One advantage, or sometimes disadvantage, of living abroad is watching different culture react to the changes in their country and in the world. You also get to watch your home country from afar while hearing the opinions of those in a different country. For example, I experienced the UK react to Obama’s election, like I posted about before, and more recently I’ve observed the UK react to North Korea and the UK react to the US reacting to North Korea (clear as mud, right?) Anyway, it’s always an enlightening experience to see things from a different perspective while abroad. It also sometimes is very strange. This is one of those stranger times.
If you live under a rock, you’ll be surprised to hear that Margaret Thatcher, the Iron Lady, passed away in London today.
This left me in an interesting position. Yes, I know what you’re thinking: “you weren’t even born when she was Prime Minister!! How could you understand!? You’re not British!!”
I am fully aware of these things, but that does not make me ignorant of Baroness Thatcher’s policies, actions, or legacy.
The interesting position I speak of is one of the “outsider looking in” type. I, as you may or may not have pointed out to your computer, am not British, but I am in London, and when the news broke of Baroness Thatcher’s passing, I witnessed (and continue to witness) not only a city, but a country, say goodbye to a leader.
Since the news broke this morning,
(more specifically, since I woke up this morning) I have seen responses to the passing of the Iron Lady, whether it is on Twitter, out on the street, in a Starbucks, or on the Tube. The responses varied from celebration to disdain, but the vast majority of them, even if they were from those who opposed her, were indeed mournful and respectful. (Though with a woman who was in power a decade and a half ago, it is inevitable, and sad, to see youths and others unaware of who she was.)
Some people were happy, some were infinitely saddened by the news, and some couldn’t be bothered. It is much like watching the U.S. mourn a president, but because I’m an outsider, there’s a bit of a disconnect. I am not British, so it’s not quite the same.
I’ve seen people that disagreed with her and her staunch policies and people that supported her come together to talk about the first female Prime Minister and her place in history. Most people have begun to talk about her fierceness, power, and strong will, the things that earned her the nickname the Iron Lady.
David Cameron said that he expects her to go down in history as the best peace-time Prime Minister the UK has ever seen, and Ed Miliband (leader of the Opposition Labour Party), has said that while his party has disagreed with her policies, they can still respect her achievements and her strength. (AFP/BBC)
The BBC has an entire page dedicated to covering the world’s responses to her death, and it has been going on all day. This is how important this woman was, love her or hate her, to Britain, and to the world. They list leaders and figures everywhere and their responses including Nancy Reagan, Barack Obama, Koffi Annan, Mikhail Gorbachev, and many, many more.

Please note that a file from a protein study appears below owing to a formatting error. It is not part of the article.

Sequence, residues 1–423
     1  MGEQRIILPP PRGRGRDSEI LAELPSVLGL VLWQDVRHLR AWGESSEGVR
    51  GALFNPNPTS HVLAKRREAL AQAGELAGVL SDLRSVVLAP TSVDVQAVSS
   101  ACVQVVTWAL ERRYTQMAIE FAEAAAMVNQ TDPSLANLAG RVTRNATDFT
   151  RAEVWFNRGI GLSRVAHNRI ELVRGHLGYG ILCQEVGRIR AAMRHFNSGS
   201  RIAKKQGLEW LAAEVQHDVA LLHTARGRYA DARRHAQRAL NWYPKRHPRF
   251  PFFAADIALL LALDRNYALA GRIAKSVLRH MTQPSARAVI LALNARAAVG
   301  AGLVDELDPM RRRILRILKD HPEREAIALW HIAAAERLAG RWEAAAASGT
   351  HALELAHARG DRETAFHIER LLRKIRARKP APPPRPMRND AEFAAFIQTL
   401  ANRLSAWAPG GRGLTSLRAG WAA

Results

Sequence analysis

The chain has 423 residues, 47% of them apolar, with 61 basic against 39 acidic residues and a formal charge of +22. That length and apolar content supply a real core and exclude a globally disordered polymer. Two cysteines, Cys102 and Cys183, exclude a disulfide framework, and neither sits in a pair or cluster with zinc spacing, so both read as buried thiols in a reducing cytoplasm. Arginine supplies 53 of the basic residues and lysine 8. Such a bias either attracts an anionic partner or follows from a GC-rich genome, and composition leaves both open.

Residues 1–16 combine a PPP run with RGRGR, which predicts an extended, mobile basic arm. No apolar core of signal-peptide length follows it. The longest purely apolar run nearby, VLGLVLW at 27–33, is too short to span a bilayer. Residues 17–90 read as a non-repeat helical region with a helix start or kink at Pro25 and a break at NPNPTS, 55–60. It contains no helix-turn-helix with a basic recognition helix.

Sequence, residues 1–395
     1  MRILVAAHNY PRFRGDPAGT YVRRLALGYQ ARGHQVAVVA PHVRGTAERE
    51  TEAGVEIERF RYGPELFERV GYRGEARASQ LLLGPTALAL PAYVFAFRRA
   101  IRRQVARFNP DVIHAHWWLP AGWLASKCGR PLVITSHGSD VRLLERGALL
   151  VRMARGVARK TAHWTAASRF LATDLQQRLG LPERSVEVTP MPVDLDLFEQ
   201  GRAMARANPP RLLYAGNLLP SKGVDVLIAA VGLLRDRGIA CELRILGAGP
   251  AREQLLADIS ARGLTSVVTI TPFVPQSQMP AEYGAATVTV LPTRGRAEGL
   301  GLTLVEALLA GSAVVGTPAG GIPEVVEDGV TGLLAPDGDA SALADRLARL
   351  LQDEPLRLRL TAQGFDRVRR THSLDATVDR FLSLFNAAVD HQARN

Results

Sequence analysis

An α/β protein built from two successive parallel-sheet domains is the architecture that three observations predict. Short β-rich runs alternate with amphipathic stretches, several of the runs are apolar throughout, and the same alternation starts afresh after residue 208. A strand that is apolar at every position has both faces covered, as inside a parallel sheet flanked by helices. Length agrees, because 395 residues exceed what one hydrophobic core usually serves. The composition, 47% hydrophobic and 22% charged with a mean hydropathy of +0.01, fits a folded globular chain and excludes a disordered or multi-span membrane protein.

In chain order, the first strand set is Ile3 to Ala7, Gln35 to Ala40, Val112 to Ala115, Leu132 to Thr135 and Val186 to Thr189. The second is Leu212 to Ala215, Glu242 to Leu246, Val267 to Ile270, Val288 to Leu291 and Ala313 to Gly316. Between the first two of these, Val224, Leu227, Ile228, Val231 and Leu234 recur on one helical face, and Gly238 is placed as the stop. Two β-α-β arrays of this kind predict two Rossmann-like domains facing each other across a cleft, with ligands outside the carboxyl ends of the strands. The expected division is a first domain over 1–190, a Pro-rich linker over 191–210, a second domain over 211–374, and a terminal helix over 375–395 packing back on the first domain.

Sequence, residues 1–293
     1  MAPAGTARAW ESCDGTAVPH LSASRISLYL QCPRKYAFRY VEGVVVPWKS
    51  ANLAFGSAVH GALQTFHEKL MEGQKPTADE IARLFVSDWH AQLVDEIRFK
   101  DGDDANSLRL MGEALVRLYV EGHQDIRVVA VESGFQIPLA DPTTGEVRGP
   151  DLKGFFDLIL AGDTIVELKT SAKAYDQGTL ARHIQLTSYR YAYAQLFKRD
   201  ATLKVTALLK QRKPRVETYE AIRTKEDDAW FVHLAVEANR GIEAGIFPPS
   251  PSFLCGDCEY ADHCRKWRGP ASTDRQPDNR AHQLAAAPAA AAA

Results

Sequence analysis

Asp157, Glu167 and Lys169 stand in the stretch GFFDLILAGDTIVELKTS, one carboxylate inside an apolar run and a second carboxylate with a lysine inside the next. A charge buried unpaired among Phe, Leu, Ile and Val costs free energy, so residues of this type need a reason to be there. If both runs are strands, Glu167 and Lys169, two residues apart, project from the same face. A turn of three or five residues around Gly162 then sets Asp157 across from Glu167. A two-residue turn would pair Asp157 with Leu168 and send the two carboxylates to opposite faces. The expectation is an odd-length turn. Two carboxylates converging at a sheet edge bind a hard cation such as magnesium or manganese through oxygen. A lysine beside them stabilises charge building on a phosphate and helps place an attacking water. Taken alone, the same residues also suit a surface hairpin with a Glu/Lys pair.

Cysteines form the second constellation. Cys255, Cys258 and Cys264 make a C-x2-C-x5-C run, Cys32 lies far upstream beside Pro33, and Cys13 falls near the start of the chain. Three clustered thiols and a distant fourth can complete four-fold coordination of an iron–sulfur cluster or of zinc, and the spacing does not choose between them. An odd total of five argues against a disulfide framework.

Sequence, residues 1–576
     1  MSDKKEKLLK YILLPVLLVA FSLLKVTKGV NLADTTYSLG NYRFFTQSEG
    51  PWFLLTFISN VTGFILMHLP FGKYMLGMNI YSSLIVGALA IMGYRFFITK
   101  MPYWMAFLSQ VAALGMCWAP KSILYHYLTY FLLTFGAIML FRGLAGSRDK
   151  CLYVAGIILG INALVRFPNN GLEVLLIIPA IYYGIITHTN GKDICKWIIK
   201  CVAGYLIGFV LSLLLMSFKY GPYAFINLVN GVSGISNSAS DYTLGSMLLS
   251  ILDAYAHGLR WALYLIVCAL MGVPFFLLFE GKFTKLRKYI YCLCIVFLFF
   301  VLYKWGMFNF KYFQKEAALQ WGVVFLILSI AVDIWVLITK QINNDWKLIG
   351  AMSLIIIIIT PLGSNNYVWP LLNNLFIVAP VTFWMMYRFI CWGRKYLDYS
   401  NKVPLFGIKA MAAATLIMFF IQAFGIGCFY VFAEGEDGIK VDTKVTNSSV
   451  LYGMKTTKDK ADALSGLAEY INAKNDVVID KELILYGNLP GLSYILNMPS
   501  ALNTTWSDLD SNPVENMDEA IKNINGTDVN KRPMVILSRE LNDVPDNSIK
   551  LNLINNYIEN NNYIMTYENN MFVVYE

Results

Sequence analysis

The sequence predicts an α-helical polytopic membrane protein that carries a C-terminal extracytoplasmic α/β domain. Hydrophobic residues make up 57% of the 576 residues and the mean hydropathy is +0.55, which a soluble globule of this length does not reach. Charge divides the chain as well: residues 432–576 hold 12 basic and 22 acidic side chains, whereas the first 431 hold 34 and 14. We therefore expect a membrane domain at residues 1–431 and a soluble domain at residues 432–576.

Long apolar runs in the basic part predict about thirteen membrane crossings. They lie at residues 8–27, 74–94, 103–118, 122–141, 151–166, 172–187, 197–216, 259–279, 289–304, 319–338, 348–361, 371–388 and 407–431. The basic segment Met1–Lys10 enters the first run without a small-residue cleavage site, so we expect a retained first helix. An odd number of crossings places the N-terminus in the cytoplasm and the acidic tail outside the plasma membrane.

They also cover the unfortunate, tasteless things that people have been doing, which I cannot stand. Holding parties for someone’s death is, in my opinion, very distasteful. I know many people hated Thatcher, and I know many people who couldn’t stand Reagan in the States, but I see no reason to actually throw a street party celebrating her death. But again, that’s my opinion. (And I cannot do much to stop them anyway) It has been much like people throwing parties after the death of Osama bin Laden, which regardless of taste, I don’t think the two people should be placed in the same category. I guess this is part of the disconnect, and also where my age shows. As much as I have read or researched about Baroness Thatcher, I was not around to actually have experienced what she was like in the public eye. (Which is something to always keep in mind)
And it is an interesting position, being someone from another country, watching a country mourn for one its greatest leaders. Being an American born in 1992, and at the same time, a history major who has taken numerous poly sci classes and also happens to be a bit of an Anglophile, I do mourn her passing, but in a different way. I can, as many have done, appreciate and honor what she has done, learn more about her, and mourn, but it is obviously different. Like I said before, it feels as if there’s a disconnect.
I do not agree with quite a few (read most) of the policies she implemented, but I do understand how important she was to the world of politics (on a global scale) and how important she was to Britain. She was a no-nonsense woman from humble beginnings who is famous and infamous for leading her country back to its world status. I can respect that. Not just as an American, a woman, or a democrat, but also as a human being, I can respect her wanting to do her best for her country. (
I wish our politicians in the States would do that.)
So even though there is that odd disconnect, I join the Brits, as an observing participant, in mourning a lightning rod figure who has very clearly made her impact on the world.
Watching the Iron Lady tonight.